Michael Kelly
Birth Date:
Birth Place:
Philadelphia, Pennsylvania
5' 11" (1.80 m)
Famous for:
His role in “Dawn of the Dead” (2004)
Show more

Dawn of the Dead


“In the beginning, I aspired just to make a comfortable living in acting. I still feel the same. It’s just that my standards have gone up so my comfort level is higher as well.” Michael Kelly

American actor Michael Kelly is known for his appearances in successful movies such as “Dawn of the Dead” (2004), “Invincible” (2006) and “Changeling” (2008). He also appeared in Milos Forman's “Man on the Moon” (1999), M. Night Shyamalan's “Unbreakable” (2000), Tim Kirkman's “Loggerheads” (2005), Mark Young's “Tooth & Nail” (2007), Zoe R. Cassavetes' “Broken English” (2007) and John Polson's “Tenderness” (2008). On the small screen, Kelly had regular roles on the short-lived series “Level 9” (2000-2001) and “Kojak” (2005, as Detective Bobby Crocker) and worked in a recurring role on “The Sopranos” (2006-2007, as Agent Ron Goddard). Kelly was next seen in the miniseries “Generation Kill” (2008) and has guest starred in popular television shows like “Law & Order,” “Law & Order: Special Victims Unit,” “Judging Amy,” “The Shield,” “CSI: Miami” and “Third Watch.” Kelly has also appeared in several theater productions.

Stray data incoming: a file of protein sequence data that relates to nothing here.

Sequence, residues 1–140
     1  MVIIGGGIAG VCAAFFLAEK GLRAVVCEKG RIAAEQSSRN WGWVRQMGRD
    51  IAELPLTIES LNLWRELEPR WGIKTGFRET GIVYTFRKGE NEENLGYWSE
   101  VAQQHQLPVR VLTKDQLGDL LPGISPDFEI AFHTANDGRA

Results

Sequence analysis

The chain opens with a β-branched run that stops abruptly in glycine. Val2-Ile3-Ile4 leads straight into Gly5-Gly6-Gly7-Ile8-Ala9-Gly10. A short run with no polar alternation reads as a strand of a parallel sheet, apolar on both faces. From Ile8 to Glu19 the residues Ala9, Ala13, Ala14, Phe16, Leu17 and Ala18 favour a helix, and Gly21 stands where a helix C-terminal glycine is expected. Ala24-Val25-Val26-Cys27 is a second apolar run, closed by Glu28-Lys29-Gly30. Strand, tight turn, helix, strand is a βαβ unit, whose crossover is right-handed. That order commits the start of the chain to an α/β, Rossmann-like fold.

Kelly's fans should look forward to his performances in the upcoming films “Defendor” (2009), “The Afterlight” (2009), “Did You Hear About the Morgans?” (2009), “Fair Game” (2010) and “Law Abiding Citizen” (2010).

Also musically gifted, Kelly once played in the band Leroy Justice, which was named after a college friend's father.


Childhood and Family:

The son of Michael and Maureen Kelly, Michael Joseph Kelly was born on May 22, 1969, in Philadelphia, Pennsylvania. He was raised in Lawrenceville, Georgia, with his three siblings, Casey, Shannon and Andrew. Michael graduated from Brookwood High School in Snellville, Georgia. He then enrolled at Coastal Carolina University in South Carolina. Originally, Michael planned on studying law, but changed his mind after taking an acting class.

Michael is very athletic and currently lives in New York.

The Sopranos


Michael Kelly made his television acting debut in an episode of the HBO drama series “Lifestories: Families in Crisis” called “A Body to Die For: The Aaron Henry Story” in 1994. Four years later, he appeared on the big screen with the supporting role of Paul in “Origin of the Species” (1998), which was directed by Andres Heinz and written by Robert Ackerman. After an appearance in the independent film “River Red” (also 1998), with Tom Everett Scott and David Moscow, he gave a solid portrayal of Michael Kaufman in Milos Forman's “Man on the Moon” (1999), a biopic of the American entertainer Andy Kaufman (played by Jim Carrey).